Elizabeth Blair

Elizabeth Blair is a Senior Producer/Reporter on the Arts Desk of NPR News.

On a daily basis, she produces, edits and reports arts and cultural segments that air on NPR News magazines including Morning Edition and All Things Considered. Her recent stories explored the rise of public humiliation in popular culture, consumers' changing media habits and the intersection of the arts and education.

In this position that she has held since 2003, Blair's varied work has included profiles of actor Neil Patrick Harris, rapper K'Naan, and the band Pearl Jam. She has written and produced long-form documentaries on such cultural icons as Paul Robeson and Billie Holiday. Blair oversaw the production of some of NPR's most popular special projects including "50 Great Voices," the NPR series on awe-inspiring voices from around the world and across time in, and the "In Character" series which explored famous American fictional characters.

Over the years, Blair has received several honors for her work including two Peabody Awards and a Gracie.

For three and a half years, Blair lived in Paris, France, where she co-produced Le Jazz Club From Paris with Dee Dee Bridgewater, and the monthly magazine Postcard From Paris.

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Dance
3:38 pm
Mon January 19, 2015

A Rare Bird: After 120 Years, Audiences Still Flock To 'Swan Lake'

Swan Lake is 120 years old and still popular. The Mariinsky Theatre's current tour of the ballet at BAM in New York City is nearly sold-out.
Valentin Baranovsky BAM

Originally published on Mon January 19, 2015 6:32 pm

One hundred and 20 years ago this month, the version of Swan Lake most often performed today premiered at the Mariinsky Theatre in St. Petersburg, Russia. The ballet had been staged before, but it wasn't a hit until choreographers Marius Petipa and Lev Ivanov revised it.

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Pop Culture
4:40 pm
Thu January 8, 2015

And The Moral Of The Story Is ... Kids Don't Always Understand The Moral

In the "Winter's Gift" episode of Sofia the First, Disney Princess Tiana (left) from The Princess and the Frog makes a special appearance to help Princess Sofia learn that a true gift comes from the heart.
Disney Junior

Originally published on Fri January 9, 2015 5:28 pm

"Slow and steady wins the race."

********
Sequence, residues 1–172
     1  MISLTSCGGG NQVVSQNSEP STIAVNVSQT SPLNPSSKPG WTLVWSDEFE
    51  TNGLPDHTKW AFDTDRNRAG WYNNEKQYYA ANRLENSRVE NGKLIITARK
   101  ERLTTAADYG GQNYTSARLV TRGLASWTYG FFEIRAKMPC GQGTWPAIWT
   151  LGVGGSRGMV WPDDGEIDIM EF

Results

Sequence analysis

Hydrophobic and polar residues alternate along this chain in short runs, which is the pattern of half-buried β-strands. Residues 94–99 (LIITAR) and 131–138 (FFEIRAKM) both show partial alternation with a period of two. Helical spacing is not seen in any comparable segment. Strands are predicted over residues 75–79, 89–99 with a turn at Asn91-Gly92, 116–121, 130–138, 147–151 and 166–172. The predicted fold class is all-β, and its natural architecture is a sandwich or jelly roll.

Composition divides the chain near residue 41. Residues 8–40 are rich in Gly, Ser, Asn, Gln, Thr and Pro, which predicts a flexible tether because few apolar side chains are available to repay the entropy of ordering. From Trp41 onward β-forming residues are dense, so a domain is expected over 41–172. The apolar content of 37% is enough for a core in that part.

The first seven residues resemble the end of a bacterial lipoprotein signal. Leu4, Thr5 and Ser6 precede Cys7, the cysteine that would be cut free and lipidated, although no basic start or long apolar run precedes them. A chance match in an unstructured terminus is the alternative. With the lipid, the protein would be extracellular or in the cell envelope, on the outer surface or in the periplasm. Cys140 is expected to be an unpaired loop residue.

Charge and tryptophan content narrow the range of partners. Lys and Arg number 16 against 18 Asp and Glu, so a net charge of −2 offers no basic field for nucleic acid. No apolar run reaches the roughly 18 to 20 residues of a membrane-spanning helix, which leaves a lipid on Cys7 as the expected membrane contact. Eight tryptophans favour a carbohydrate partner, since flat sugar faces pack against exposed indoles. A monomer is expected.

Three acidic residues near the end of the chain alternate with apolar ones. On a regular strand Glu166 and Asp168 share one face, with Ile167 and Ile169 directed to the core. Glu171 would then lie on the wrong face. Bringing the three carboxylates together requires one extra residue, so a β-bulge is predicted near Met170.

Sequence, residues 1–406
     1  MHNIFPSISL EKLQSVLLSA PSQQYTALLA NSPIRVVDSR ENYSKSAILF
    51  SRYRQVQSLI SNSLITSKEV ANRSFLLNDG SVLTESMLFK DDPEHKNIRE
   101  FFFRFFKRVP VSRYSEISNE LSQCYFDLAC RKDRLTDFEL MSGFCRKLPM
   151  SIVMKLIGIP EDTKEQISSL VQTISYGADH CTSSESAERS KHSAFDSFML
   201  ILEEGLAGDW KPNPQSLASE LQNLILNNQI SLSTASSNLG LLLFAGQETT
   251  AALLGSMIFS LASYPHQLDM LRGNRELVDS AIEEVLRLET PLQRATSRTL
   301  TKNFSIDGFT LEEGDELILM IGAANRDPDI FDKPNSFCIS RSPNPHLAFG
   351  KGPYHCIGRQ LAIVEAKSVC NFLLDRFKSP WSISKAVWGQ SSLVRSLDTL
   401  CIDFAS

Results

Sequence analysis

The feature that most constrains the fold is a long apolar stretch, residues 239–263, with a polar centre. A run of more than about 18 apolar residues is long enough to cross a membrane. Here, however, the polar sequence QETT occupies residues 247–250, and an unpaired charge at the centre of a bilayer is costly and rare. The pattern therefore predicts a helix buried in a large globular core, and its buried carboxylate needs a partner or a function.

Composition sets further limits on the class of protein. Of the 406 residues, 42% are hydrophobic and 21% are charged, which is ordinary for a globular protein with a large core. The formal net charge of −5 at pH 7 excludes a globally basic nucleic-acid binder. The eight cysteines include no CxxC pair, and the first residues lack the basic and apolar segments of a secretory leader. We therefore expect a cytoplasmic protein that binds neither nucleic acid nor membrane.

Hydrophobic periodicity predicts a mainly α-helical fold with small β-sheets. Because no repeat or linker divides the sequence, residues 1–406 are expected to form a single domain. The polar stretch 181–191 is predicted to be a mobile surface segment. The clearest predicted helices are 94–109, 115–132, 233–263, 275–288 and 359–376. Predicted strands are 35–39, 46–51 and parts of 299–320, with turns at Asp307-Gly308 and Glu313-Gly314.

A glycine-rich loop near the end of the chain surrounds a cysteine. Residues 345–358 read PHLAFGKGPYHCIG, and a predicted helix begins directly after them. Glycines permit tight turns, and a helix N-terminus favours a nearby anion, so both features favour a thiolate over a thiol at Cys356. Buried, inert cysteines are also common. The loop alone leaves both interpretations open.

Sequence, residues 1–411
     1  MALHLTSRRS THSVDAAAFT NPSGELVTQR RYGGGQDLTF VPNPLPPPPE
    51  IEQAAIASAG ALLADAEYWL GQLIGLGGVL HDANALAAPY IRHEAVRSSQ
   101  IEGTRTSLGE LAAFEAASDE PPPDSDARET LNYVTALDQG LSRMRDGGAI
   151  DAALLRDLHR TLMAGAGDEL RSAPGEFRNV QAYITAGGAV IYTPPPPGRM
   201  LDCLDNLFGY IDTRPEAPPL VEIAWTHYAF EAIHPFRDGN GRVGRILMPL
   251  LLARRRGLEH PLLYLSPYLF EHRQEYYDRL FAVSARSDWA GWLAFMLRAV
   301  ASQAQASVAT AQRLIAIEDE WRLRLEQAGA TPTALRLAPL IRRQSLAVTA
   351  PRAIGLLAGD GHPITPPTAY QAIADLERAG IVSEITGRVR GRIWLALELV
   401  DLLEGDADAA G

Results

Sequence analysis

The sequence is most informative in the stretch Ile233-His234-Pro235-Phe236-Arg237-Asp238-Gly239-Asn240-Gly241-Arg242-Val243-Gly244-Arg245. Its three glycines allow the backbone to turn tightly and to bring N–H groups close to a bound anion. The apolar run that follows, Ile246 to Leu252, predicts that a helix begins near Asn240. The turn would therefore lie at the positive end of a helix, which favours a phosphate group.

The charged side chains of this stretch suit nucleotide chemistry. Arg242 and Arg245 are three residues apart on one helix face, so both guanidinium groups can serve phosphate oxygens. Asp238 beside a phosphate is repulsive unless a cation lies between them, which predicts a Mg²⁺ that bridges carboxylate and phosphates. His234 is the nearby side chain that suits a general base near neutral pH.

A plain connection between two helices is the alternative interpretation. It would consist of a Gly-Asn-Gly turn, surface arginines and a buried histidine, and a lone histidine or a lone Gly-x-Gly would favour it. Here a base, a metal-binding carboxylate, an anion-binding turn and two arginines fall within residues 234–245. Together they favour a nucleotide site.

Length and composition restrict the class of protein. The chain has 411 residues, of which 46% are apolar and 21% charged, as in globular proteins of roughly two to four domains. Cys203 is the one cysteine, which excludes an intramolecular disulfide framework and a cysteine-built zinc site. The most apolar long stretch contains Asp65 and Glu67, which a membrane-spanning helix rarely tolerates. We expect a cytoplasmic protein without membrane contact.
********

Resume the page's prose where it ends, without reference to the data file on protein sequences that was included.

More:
"What's right for one may be wrong for another."

"Treat others the way you'd like to be treated."

Morals have long been the conclusion of fables and fairy tales aimed at kids. And today's TV shows and movies are no different — they often weave lessons for the younger generation into their narratives. But do children actually absorb these messages, or do these endings just help parents feel better about the media their kids consume?

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Analysis
2:45 am
Thu January 8, 2015

'Charlie Hebdo' Laughed In The Face Of Violence; Will Future Satirists?

Joel Saget AFP/Getty Images

Originally published on Thu January 8, 2015 5:36 pm

Despite a 2011 firebombing at the Charlie Hebdo offices, and continuing threats and heightened security around the building, according to its editor-in-chief, the staff of the weekly never slowed down.

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Games & Humor
2:23 am
Wed December 31, 2014

Banish 2014's Woes With Our Stand-Up Comedy Picks

NBC Ben Cohen/NBC

Originally published on Wed December 31, 2014 10:49 am

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Television
4:10 pm
Tue December 30, 2014

In 'The Honorable Woman,' There's No One You Can Trust

Maggie Gyllenhaal says she had some reservations about taking on the role of Nessa Stein in the SundanceTV original series The Honorable Woman. Middle East conflicts are so sensitive, she says, "It's really complicated and it goes back so far."
Des Willie SundanceTV

Originally published on Tue December 30, 2014 7:39 pm

This is part of NPR's annual series "The Ones That Got Away," in which we look at some of the best entertainment we didn't report on this year.


"Who do you trust?" are the first words the audience hears in the political-psychological thriller The Honorable Woman. And as it turns out, the answer should be: No one.

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